JL:No. But based on our research that will be the exception, not the norm.
When will your program go live?
Probably early next year, dependent on how fast we close the remaining
Is there a need?
JL: You be the judge.
Here in the US, according to a report released in April of last year, you
and I as taxpayers help foot a bill of over $112 BILLION in Federal, State
and local tax dollars spent each and every year to support fragmented
families. On the average, according to a study done by Ohio State
University, regardless of gender, people who suffer through divorce lose an
average of 77% of their net worth (not even close to the ‘give your spouse
half’ used as common wisdom).
As a result, 41% of American families spend some time below the poverty line
after they suffer through a divorce. Some never recover. Of women who are
forced onto welfare after divorce, 20% are still on welfare after 5 years.
In fact, personal bankruptcies filed by women are up 700% since 1980 and
while medical issues and loss of employment still top the list of reasons
why, 40% of them list divorce as the main cause in their choice to file.
Globally, divorce is the number one contributing factor to bankruptcy and
poverty among (newly) single mothers.
I can provide a library of studies that all point the same way, but it’s
fairly simple to explain this way: Today we have the largest population of
adults that grew up in broken homes, and study after study shows that people
who come from divorced families are 3 times more likely to divorce
themselves. Do the math. If we don’t change that trend, people who marry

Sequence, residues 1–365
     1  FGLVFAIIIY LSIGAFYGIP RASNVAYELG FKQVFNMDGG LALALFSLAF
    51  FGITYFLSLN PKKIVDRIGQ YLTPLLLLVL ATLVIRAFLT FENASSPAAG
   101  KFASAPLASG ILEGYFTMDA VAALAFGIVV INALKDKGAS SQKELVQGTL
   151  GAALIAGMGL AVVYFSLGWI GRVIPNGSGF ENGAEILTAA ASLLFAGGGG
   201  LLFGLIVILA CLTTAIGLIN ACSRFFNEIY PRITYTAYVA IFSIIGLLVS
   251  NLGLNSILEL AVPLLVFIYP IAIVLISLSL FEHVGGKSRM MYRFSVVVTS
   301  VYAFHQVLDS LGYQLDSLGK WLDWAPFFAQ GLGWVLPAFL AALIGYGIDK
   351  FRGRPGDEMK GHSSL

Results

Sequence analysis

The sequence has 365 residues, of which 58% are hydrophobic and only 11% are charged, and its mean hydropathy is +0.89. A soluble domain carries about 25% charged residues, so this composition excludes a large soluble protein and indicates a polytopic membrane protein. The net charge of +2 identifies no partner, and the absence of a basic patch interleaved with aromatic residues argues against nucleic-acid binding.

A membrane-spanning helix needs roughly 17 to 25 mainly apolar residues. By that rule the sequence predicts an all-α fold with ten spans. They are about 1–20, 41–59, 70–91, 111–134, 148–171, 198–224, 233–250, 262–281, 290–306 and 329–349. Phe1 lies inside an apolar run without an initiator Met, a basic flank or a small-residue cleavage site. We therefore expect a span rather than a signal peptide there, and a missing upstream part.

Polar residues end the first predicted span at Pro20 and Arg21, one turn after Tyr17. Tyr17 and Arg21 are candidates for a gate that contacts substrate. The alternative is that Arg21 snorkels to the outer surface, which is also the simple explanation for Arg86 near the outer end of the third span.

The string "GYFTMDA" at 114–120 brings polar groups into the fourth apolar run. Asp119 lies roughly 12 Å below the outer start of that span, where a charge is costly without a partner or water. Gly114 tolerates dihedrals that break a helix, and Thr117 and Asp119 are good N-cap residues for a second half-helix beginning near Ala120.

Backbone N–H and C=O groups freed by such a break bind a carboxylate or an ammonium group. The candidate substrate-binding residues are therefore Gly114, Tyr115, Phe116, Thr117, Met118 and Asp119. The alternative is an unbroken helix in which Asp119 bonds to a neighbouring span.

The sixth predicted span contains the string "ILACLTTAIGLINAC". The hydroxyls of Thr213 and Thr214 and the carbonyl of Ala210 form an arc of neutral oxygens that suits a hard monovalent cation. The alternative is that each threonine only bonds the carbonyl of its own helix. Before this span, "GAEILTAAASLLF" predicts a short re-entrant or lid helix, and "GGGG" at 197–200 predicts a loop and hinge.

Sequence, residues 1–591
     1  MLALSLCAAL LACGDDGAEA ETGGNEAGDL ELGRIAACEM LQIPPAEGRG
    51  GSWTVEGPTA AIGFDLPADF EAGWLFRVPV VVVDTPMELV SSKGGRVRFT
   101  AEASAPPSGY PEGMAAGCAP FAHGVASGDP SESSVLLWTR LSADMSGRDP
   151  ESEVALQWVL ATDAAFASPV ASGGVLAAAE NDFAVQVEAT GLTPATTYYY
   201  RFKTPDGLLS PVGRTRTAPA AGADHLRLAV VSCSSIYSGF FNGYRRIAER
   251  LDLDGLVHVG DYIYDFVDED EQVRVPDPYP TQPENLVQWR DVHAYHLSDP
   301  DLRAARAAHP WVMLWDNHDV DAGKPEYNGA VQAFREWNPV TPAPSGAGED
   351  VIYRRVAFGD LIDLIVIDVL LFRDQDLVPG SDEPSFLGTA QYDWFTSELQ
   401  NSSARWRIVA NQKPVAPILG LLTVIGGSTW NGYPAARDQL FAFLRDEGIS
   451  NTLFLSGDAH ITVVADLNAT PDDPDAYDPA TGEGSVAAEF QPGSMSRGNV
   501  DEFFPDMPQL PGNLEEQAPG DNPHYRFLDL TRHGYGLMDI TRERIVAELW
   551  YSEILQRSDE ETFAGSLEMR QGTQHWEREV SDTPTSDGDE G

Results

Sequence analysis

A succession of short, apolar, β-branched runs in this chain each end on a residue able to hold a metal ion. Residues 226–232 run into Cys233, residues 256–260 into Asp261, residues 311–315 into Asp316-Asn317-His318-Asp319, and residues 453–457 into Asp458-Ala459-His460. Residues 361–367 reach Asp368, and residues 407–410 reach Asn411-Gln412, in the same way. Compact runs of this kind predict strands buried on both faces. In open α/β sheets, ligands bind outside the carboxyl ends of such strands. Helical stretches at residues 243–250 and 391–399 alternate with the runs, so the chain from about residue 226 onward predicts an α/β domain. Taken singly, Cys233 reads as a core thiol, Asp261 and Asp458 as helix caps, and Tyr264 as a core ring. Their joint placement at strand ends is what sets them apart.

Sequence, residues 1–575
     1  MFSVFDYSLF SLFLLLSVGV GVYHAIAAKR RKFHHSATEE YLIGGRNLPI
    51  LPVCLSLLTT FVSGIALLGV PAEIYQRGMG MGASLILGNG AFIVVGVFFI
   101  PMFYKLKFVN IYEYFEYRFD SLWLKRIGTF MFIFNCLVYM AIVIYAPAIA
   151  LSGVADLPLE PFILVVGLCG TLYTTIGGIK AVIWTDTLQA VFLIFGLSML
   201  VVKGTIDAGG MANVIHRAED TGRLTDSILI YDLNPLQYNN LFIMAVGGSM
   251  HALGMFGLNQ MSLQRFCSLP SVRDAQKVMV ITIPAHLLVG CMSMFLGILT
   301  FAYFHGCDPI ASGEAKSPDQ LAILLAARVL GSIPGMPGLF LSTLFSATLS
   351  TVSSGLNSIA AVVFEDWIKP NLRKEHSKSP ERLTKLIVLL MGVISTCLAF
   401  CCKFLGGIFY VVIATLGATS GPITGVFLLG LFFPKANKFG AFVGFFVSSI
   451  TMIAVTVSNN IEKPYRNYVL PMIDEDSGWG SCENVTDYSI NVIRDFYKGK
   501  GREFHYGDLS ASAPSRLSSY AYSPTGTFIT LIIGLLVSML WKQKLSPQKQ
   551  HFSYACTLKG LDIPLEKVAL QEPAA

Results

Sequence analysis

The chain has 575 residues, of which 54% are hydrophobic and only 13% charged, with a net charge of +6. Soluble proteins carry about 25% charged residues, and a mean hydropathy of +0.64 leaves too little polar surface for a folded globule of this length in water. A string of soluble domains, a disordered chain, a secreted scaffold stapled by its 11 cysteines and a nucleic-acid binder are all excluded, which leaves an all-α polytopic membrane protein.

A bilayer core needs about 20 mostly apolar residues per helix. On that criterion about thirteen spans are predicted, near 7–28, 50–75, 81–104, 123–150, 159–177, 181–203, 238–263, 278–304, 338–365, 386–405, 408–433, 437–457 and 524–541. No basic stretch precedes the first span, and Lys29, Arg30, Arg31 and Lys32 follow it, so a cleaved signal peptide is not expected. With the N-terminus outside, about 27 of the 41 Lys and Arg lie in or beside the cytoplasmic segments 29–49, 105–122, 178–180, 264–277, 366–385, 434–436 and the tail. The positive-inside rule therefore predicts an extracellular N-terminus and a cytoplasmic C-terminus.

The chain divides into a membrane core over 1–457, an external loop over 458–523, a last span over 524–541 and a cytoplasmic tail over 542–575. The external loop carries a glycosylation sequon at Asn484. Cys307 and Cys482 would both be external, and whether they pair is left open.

today will stand only a 33% chance of ever seeing their 25th anniversary.
Wouldn’t critics say that providing a pay out if a marriage went bust is
providing an incentive to marriage breakdown?
JL: We’ve heard that before, and I’ll say what I always say to that premise.
A Marriage Insurance policy will provide no more incentive to get divorced
than home insurance provides an incentive for you to set your house ablaze.
People who have auto insurance don’t have a higher propensity to wreck their
car because the cost of their car might be covered by insurance and in fact,
people who have Marriage Insurance are probably LESS likely to get divorced
since the benefit for staying married is so much greater. The reality is
that anyone who’s gone through divorce knows that it’s a painful and
extremely costly process that goes well beyond the simple loss of net worth.
And the cash benefit that we provide, at any level, will hardly be
considered a windfall when everything else is considered.
The fact is that when you realize that 40% of children born in the US in
2007 were born to mothers out of wedlock, it’s pretty clear we’re already
experiencing marriage breakdown. Couples are choosing more and more to
cohabitate instead of marry because the cost of divorce is so great. In the
UK for example, the cost of divorce is more than the median income.
Considering the statistics, that’s a recipe for financial disaster. Take
away a lot of that potential risk of financial loss and many couples who are
now cohabitating may choose to marry. Plenty of them will stay married.
John Logan is the Chairman & CEO of SafeGuard Guaranty which will be the
first company in the world to offer Marriage Insurance. Find out more
information at www.safeguardguaranty.com
Filed Under: Featured • Moms
To Work • What's
On Your Mind
Women Income Plunges 20% • John
Logan • Marriage
About the Author:
Julie Power is a writer and editor with experience in both the United States
and Australia. After living in the United States for 16 years, she recently
returned to live in Sydney with her husband and twin boys (9 years old). Follow